Seven Mortal Sins – Preview
Seven Mortal Sins:
Original Air Dates: April 14th, 2017 – ???
Synopsis: Because she committed the sin of pride against God, the Great Angel Lucifer was cast into Hell and became a Fallen Angel. Also at the lowest level of Hell, the hierarchy of demons have sealed away Lucifer’s powers. Lucifer had lost everything, but along with the Demon King of Envy, Leviathan, that admires Lucifer and a high school girl she met on Earth named Totsuka Maria, she becomes the Demon King of Pride Lucifer and begins her journey to get revenge on the Seven Demon Kings of Hell. A book of Revelations with the “Seven Deadly Sins” portrayed by beautiful Demon Kings is about to begin.
1st Episode Review (Warning: Some Spoilers to Follow):
Tom: Let’s make this clear from the get go, Seven Mortal Sins is in no way a follow up, or shares any relation with Seven Deadly Sins. This series features an entirely different host of characters and while both veer into sexual territory, Seven Mortal Sins wallows in that area frequently. It’s an ecchi of epic proportions as seen by the character designs of its entirely female cast who are, generally, all ‘epicly’ well-endowed. But unlike the other ecchi offerings this season, Seven Mortal Sins is more in line with Valkyrie Drive or HxH, frequently drifting past sexual undertones and fan service into straight up soft-core porn territory. It’s titillation is marred however, or perhaps transformed into humor, by frequent censoring. Either way, Seven Mortal Sins from the outset is best left to the hardcore ecchi crowd and should be avoided by more general audiences.
Linny: If you’re not into extreme fan service aka soft porn anime, the characters in the show all seem too busy flashing their endowments as cliched oversexualized and haughty cliches to display any interesting characteristics or personalities. Literally every single one of the Mortal Sins and our fallen angel Lucifer come off as either angry or vain with a whole lot of fan service in your face.
Tom: The characters are generally defined by their overly sexual and revealing behavior. Outside of the excessive fan service, there isn’t much to any of these characters you haven’t seen before. Near every character introduced is written with all the flavor of standard Japanese archetypes, meaning within just a few lines you’ve got a pretty good idea of how each character is going to behave, making it all the more important you’re here for the perverse sexual content rather than the cast themselves.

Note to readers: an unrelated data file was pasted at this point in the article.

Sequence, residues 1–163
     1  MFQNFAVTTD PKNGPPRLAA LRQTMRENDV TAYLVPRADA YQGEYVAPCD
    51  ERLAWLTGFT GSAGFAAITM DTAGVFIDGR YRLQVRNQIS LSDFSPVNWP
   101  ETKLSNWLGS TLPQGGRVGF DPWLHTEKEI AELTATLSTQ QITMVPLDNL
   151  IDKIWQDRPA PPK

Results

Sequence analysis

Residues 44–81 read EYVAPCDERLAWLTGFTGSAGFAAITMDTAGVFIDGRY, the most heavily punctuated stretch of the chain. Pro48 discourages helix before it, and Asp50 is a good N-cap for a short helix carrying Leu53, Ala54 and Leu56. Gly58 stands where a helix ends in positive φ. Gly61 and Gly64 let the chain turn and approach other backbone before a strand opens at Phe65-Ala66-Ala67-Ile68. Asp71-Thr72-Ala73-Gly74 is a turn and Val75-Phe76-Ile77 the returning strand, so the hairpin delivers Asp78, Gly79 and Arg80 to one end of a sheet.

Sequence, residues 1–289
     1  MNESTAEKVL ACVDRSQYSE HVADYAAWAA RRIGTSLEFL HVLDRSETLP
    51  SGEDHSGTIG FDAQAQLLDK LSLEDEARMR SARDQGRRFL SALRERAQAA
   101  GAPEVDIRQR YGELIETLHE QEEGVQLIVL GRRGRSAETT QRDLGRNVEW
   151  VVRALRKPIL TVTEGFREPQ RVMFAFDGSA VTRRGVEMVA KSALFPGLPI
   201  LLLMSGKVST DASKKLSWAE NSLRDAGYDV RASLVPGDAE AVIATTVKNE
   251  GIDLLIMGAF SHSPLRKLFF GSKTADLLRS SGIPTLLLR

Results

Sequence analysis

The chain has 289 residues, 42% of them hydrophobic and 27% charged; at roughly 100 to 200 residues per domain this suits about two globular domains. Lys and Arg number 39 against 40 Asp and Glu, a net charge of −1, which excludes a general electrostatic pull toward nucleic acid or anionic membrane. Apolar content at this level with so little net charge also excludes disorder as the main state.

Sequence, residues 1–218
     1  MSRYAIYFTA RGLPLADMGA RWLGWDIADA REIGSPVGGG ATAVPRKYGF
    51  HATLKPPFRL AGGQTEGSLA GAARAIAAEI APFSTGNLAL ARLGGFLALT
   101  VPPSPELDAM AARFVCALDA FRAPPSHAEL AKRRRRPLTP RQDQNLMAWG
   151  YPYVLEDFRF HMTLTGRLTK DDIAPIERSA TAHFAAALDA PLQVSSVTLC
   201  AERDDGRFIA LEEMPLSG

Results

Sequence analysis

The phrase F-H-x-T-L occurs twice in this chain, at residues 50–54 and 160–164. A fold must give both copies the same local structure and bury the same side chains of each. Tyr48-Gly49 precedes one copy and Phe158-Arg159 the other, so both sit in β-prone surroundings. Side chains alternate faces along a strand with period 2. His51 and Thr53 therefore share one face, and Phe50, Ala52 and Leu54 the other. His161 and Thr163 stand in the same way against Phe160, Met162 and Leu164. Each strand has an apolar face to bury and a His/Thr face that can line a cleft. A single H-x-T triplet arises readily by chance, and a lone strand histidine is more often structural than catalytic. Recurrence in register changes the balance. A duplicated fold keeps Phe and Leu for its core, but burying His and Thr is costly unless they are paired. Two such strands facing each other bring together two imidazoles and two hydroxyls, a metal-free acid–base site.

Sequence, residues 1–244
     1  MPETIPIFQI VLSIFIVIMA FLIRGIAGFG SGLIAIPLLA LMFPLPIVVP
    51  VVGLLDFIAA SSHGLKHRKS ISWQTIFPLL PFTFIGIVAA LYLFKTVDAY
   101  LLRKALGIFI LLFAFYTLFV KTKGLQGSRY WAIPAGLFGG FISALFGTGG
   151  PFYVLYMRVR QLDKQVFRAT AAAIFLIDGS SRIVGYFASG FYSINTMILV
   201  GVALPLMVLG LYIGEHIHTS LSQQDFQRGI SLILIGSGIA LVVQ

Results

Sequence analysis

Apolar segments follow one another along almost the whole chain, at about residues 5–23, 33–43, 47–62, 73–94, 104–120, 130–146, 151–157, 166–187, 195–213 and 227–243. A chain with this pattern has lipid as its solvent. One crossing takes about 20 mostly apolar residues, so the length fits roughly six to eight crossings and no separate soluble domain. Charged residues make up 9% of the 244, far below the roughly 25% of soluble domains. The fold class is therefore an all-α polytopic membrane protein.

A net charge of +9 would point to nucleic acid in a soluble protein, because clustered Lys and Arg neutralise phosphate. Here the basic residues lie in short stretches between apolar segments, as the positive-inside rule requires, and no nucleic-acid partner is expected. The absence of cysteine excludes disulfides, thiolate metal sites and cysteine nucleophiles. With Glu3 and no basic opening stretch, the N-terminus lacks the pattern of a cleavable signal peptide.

Linny: So far, the main story is very simple, Lucifer upsets God, gets cast down to earth and then hell as punishment and now out of anger, frustration and desperation ends up having to join and later fight the Seven Sins as she decides to seek revenge for what she believes is her unjust expulsion from heaven. The first episode switches between what’s happening with Lucifer and what’s happening with Maria, a young human Lucifer encounters while falling from heaven. The scenes with Lucifer are very fan service laden as we watch her adopting a new persona as a fallen angel while Maria’s scenes are mostly of her confused by what just happened and struggling with her faith over it. The scene switches between the two can feel a little jarring and neither balances the other out very well.
Tom: Of what story is offered, there’s a decently interesting one with an almost epic quality. A story of angels and demons, with plenty of boobs and butts thrown in, still feels gripping and grandiose. The action, the fights between Lucifer and the other Sins, is where Seven Mortal Sins becomes most approachable for more general audiences. But that isn’t saying much as the girls are so scantly glad you’re still watching boobs and butts jiggle all over the place, with plenty of censoring to accompany it.
Linny: At the end of the day though, all that fan service cheapens whatever grandiose story it could offer. When you literally have characters licking and sucking the nipples of each other in your first episode itself, it’s hard for more conservative audiences to take the show seriously. Heck, the fan service in this show is so prevalent that the human characters, who seem like secondary cast members, engage in some butts groping randomly of their own. Almost every scene ends up getting a dash, or rather a bucket load, of fan service, quickly replacing and reducing whatever serious tone it might have had.
Tom: I completely understand anyone put off by Seven Mortal Sins. It’s entirely shameless, unapologetic, and rife with oozing fan service that can’t help but drift into soft-core porn territory now and again. If it wasn’t for the censoring, I’d say Seven Mortal Sins was perfect for ecchi lovers, not afraid to push boundaries and just be shamelessly honest about its goals. But the censoring further limits the audience, ensuring more perverse viewers walk away disappointed, but then isn’t enough to drag a more sensitive, less sexually driven general audience back to their seats. It sits in this odd grey area where the only people appeased are the ones who find censoring an amusing addition. But if you’re an ecchi lover, I do think it’s a worth a look in, as it’s still the most shameless offering this season.
Linny: Let me re-iterate Tom’s statement that this show is ONLY for those who want a ton of perversion and titillation in their anime as anyone else is going to be left thoroughly turned off by its fan service. As someone who doesn’t enjoy ecchi, it was hard for me to truly get engaged into the story and while the show does have grand elements, you NEED to be okay with or enjoy the fan service to truly appreciate the main plot. So, to summarize, don’t watch this show unless you’re an ecchi fan.
Seven Mortal Sins is available for streaming via Crunchyroll.com